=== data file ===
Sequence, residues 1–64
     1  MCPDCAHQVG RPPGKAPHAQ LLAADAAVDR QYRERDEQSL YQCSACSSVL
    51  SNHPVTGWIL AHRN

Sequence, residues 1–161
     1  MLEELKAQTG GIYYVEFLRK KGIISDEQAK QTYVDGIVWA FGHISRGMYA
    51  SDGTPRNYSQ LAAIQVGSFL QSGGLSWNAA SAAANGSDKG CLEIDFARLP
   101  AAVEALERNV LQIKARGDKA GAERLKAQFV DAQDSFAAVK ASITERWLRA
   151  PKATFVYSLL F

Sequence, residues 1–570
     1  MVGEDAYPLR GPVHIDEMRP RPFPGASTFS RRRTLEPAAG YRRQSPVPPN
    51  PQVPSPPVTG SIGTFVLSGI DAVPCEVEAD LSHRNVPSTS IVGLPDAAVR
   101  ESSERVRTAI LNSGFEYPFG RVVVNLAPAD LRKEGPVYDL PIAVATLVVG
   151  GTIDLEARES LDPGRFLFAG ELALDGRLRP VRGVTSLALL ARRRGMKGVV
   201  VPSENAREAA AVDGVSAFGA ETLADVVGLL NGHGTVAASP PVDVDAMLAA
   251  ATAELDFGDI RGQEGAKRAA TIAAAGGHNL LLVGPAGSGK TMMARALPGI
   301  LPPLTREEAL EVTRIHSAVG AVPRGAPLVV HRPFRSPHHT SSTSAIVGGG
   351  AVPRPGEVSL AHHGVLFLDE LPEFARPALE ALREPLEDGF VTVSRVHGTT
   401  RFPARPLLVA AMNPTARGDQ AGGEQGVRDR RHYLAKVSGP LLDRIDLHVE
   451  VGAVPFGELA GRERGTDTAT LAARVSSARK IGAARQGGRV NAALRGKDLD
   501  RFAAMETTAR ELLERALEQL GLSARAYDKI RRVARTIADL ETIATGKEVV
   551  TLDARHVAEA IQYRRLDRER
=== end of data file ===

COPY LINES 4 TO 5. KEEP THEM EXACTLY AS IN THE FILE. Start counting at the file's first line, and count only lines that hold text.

Sequence, residues 1–161
     1  MLEELKAQTG GIYYVEFLRK KGIISDEQAK QTYVDGIVWA FGHISRGMYA